A WALK around the northern suburbs of Johannesburg before Mother’s Day reveals what appears a rosy picture of motherhood in SA.
But the display of care and affection obscures what happens in large parts of our society. For many, becoming a mother is a grinding, if not life-threatening, experience. As advertisements gush over motherhood, there is no trace of the missing mothers who have succumbed to the effects of pregnancy and labour.
SA has one of the highest rates of maternal mortality among middle-income countries — defined by the World Health Organisation as death of a woman while pregnant or within 42 days of its end, from causes related to, or aggravated by, pregnancy or its management.
SA’s maternal mortality ratio, by the standard metric of deaths per 100,000 live births, increased from an estimated 150 in 1998 to 369 in 2001 and worsened further to 625 in 2007.
Recent figures put the rate at 140 deaths per 100,000 live births in 2013. Compare that to countries with similar per capita income levels such as Peru’s 68, Colombia’s 64, and China’s 27 deaths per 100,000 births.
This speaks to the degree of inequality in SA, with many citizens living under conditions far removed from those implied by the construct of an average income.
The leading causes of maternal death are complications related to HIV/AIDS, bleeding before or after labour, and complications related to high blood pressure. Antiretrovirals has cut HIV/AIDS-related deaths, but those related to haemorrhage, particularly after Caesarean section deliveries, are surging.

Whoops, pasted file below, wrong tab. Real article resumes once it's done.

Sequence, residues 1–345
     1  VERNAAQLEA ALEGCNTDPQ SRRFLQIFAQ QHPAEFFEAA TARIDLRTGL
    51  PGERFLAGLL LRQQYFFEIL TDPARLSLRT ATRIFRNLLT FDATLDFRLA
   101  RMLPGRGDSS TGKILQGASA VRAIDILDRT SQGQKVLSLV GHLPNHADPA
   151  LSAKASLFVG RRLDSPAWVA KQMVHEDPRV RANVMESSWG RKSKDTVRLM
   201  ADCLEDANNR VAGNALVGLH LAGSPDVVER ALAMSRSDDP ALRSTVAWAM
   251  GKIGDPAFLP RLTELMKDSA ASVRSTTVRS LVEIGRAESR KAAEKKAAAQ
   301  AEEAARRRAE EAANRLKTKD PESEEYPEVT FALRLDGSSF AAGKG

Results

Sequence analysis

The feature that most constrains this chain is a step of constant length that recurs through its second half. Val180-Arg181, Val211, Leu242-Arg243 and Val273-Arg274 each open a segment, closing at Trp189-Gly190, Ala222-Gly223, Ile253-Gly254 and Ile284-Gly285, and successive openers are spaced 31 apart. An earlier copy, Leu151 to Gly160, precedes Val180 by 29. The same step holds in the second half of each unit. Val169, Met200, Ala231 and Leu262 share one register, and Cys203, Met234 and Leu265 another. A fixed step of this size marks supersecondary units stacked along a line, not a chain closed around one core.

There is a pile of literature on how the health system could better implement the laudable policies put into place to deal with maternal health. As with many challenges, there is little doubt what needs to be done.
Antenatal care is free in the public health system, but research by the government and by bodies such as Amnesty International has shown that women face other barriers to proper maternal care. These include the availability and affordability of transport to reach health facilities; practices that undermine patient confidentiality and, therefore, a willingness to use the system; and lack of knowledge about maternal health.
It is not only death that we should guard against. Inequality begins in the womb, to borrow a phrase used by economist John Komlos, who studies the link between prenatal conditions and lifetime outcomes.
A much-publicised study carried out in Gambia shows how a mother’s diet at conception influences her child’s prospects over a lifetime.
In that study, a team from the British Medical Research Council tracked demographics in the village of Keneba since the 1940s.
They found that those conceived in the dry season were 10 times more likely to die in young adulthood than those conceived in the wet season.
This is the result of a stark natural experiment that arises because the food available in this community changes considerably according to the seasons.
Children conceived in the dry season, when grains dominate but there are no leafy greens, are burdened with disadvantages that become apparent only after the age of 15.
This research study adds to a body of work that shows how a mother’s nutrition affects how genes are expressed or suppressed in the foetus, with effects that last through multiple generations.
The costs of maternal mortality and of children whose potential has been needlessly stunted before birth are borne by society as a whole. The penalties include a smaller economy, lower productivity, inequality, social upheaval and crime.
Supporting all women on their journey to becoming mothers is an important step on the road towards boosting our human capital endowment as a nation.
This column was published in Business Day